In the city of Merida , the The Roman Museum of Merida substitutes the former Archaeological Museum of Merida from the 19th century. The current head office was projected by the Architect Rafael Moneo Vallés, and opened in 1986 with an Architecture that reminds the Roman style. The museum is considered a center for research and diffusion of the Roman Culture, with congresses, conferences, courses, exhibitions and national and international activities. In the collection there is a relevant material of the Roman Empire Art, found in excavations, such as coins, pottery, mosaics, sculptures and murals.
Our special thanks to Museo Nacional de Arte Romano de Mérida.
Check out History of the Museum.
Can also be taken a Virtual Visit. Check!
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- BAYER, Raymond. História da Estética. Lisboa: Editorial Estampa, 1993. Tradução de José Saramago.
- BILAC, Olavo. Antologia Poética. Porto Alegre: L&PM, 2007.
- DUROZOI, Gérard; ROUSSEL, André. Dicionário de Filosofia. 3a. Edition. Campinas: Papirus, 1999.
- EAGLETON, Terry. A Ideia de Cultura. São Paulo: Editora UNESP, 2005.
- GOMBRICH, E.H. A História da Arte. Rio de Janeiro: Editora Guanabara, 1988.
- HAUSER, Arnold. História Social da Arte e da Literatura. Martins Fontes, São Paulo, 2003.
- SENECA. Sobre a Brevidade da Vida. Porto Alegre: Editora L&PM Pocket, 2013.
Fig. 1 – Statue from the 2nd century, which represents the God Pluto. Carved in white marble, with 2,20 M High per 0,97 m width. Part of a set of statues that decorated the stage in front of a Roman theater. Photo of Lorenzo Plana Torres. Image of authorship and ownership of “Archivo Fotográfico MNAR” and piece of property of the “Museo Nacional de Arte Romano de Mérida”. (http://ceres.mcu.es/pages/Viewer?accion=4&AMuseo=MNAR&Ninv=CE00641).
Fig. 2 – Painting fresco, from the 4th century on stucco in a room, with 2,10 M high, 6,75 M length and 5,90 M width. The pictures present hunting scenes, with carts leaded by horses. The horses are the main themes of the scenes. The images are framed and ornamented with garlands and ribbons. The upper and the lower parts are decorated with geometric shapes. Photo of Lorenzo Plana Torres. Image of authorship and ownership of “Archivo Fotográfico MNAR” and piece of property of the “Museo Nacional de Arte Romano de Mérida”. (http://ceres.mcu.es/pages/Viewer?accion=4&Museo=&AMuseo=MNAR&Ninv=CE37404&txt_id_imagen=2).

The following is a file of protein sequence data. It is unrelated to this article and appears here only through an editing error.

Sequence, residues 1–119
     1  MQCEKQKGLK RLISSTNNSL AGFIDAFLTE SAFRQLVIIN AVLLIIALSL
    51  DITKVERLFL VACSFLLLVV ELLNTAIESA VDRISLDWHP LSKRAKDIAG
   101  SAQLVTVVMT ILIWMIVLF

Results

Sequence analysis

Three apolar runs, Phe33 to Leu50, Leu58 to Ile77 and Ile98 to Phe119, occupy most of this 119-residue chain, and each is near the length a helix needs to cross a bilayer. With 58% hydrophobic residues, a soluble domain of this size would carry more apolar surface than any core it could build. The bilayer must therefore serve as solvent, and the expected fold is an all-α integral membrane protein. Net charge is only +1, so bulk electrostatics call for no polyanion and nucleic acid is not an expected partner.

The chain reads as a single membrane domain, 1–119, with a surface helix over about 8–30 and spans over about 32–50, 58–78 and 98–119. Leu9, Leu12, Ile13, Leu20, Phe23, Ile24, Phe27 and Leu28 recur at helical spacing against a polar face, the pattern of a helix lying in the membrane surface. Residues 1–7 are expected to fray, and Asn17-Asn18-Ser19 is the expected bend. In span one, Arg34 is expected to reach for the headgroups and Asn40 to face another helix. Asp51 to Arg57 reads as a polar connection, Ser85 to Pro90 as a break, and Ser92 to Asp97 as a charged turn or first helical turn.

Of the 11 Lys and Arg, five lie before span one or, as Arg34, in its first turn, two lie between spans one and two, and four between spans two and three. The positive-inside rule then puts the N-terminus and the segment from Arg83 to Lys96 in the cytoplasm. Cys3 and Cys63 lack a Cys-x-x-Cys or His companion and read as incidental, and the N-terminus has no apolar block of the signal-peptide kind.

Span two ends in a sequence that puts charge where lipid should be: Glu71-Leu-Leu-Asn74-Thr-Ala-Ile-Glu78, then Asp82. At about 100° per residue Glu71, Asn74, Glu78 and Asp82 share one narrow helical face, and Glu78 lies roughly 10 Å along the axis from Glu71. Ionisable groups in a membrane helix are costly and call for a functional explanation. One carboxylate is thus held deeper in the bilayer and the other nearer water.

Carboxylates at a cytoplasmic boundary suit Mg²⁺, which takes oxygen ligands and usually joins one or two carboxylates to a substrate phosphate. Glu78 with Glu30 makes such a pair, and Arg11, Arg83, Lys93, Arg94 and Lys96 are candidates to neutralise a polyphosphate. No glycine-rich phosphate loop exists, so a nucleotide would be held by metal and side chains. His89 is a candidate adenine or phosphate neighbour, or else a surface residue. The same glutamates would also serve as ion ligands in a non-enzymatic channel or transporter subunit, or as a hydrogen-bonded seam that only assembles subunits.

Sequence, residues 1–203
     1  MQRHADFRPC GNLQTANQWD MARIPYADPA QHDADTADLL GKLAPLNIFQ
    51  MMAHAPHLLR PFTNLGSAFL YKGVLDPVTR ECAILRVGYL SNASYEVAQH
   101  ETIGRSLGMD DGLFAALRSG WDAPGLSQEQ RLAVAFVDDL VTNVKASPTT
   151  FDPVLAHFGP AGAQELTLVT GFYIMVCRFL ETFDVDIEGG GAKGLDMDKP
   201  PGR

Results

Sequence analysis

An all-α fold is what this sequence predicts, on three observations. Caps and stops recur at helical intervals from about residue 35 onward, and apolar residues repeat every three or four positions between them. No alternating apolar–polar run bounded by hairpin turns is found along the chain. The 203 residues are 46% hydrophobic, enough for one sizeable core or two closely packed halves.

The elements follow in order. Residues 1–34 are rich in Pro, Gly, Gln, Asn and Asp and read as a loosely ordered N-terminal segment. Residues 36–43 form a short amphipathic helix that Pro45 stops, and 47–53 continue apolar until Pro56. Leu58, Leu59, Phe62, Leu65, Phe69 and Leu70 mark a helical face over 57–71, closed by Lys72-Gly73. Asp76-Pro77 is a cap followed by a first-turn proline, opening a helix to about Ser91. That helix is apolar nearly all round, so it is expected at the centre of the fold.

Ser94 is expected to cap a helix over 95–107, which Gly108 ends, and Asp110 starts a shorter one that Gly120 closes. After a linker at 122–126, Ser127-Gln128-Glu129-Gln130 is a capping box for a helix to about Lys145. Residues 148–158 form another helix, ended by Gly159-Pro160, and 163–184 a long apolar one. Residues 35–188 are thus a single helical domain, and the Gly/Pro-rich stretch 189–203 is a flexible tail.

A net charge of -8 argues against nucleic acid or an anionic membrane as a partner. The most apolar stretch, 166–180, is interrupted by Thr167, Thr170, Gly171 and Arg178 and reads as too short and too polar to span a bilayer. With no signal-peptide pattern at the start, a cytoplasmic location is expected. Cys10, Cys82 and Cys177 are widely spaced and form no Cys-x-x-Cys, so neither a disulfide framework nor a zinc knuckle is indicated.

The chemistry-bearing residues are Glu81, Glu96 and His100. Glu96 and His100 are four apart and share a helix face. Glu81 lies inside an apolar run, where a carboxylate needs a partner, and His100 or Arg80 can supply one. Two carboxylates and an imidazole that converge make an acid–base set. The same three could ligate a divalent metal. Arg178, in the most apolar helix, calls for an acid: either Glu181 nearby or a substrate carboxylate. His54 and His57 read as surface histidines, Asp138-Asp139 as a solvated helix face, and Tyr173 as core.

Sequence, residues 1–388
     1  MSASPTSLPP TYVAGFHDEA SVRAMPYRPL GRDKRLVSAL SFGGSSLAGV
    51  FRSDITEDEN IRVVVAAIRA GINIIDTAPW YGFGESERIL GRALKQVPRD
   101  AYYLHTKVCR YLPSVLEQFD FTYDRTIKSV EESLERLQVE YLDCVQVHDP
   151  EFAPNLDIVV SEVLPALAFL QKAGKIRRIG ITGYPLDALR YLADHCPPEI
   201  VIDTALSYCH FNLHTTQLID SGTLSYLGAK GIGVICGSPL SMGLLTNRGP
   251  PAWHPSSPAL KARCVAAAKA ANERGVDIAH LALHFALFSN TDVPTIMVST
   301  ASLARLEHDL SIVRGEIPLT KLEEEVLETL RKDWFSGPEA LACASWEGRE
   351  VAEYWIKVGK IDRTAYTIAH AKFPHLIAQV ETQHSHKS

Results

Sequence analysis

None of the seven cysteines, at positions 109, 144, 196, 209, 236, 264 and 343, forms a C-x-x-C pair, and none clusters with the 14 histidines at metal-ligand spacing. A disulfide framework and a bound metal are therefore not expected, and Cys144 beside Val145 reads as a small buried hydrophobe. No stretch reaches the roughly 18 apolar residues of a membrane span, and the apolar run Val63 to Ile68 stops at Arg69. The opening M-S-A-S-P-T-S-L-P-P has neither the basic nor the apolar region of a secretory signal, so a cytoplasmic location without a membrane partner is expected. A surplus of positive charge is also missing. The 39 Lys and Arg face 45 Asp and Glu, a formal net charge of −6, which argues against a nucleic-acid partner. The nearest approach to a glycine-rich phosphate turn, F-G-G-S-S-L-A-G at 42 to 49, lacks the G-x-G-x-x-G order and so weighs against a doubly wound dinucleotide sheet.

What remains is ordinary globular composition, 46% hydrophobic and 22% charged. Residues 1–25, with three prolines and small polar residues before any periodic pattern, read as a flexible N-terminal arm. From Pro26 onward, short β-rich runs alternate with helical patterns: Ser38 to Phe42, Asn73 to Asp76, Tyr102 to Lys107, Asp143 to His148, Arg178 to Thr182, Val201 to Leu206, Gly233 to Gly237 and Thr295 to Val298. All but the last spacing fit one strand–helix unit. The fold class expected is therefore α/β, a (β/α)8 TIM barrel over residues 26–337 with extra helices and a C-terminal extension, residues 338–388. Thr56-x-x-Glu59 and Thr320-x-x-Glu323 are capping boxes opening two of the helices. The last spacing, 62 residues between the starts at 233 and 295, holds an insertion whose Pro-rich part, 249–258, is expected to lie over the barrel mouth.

Fig. 3 – Perspective Painting afresco of Fig. 2. Photo of Lorenzo Plana Torres. Image of authorship and ownership of “Archivo Fotográfico MNAR” and piece of property of the “Museo Nacional de Arte Romano de Mérida”. (http://ceres.mcu.es/pages/Viewer?accion=4&Museo=&AMuseo=MNAR&Ninv=CE37404&txt_id_imagen=1).
Fig. 4 – Detail Painting afresco of Fig. 2. Photo of Lorenzo Plana Torres. Image of authorship and ownership of “Archivo Fotográfico MNAR” and piece of property of the “Museo Nacional de Arte Romano de Mérida”. (http://ceres.mcu.es/pages/Viewer?accion=4&Museo=&AMuseo=MNAR&Ninv=CE37404&txt_id_imagen=5).